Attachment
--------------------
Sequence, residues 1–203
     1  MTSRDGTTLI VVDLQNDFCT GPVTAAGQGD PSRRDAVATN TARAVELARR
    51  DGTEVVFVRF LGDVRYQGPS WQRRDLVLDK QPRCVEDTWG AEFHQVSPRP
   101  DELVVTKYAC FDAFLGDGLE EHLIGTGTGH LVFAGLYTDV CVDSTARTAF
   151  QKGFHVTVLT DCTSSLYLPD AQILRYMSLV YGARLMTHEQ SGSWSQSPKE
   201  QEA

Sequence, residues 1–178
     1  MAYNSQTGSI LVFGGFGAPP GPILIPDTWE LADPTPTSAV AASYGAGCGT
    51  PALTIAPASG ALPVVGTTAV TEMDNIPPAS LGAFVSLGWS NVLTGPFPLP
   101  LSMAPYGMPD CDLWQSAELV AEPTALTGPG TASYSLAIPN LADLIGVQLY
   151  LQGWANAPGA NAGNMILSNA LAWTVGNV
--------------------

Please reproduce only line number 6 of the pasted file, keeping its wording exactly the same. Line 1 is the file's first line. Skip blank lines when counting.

   201  QEA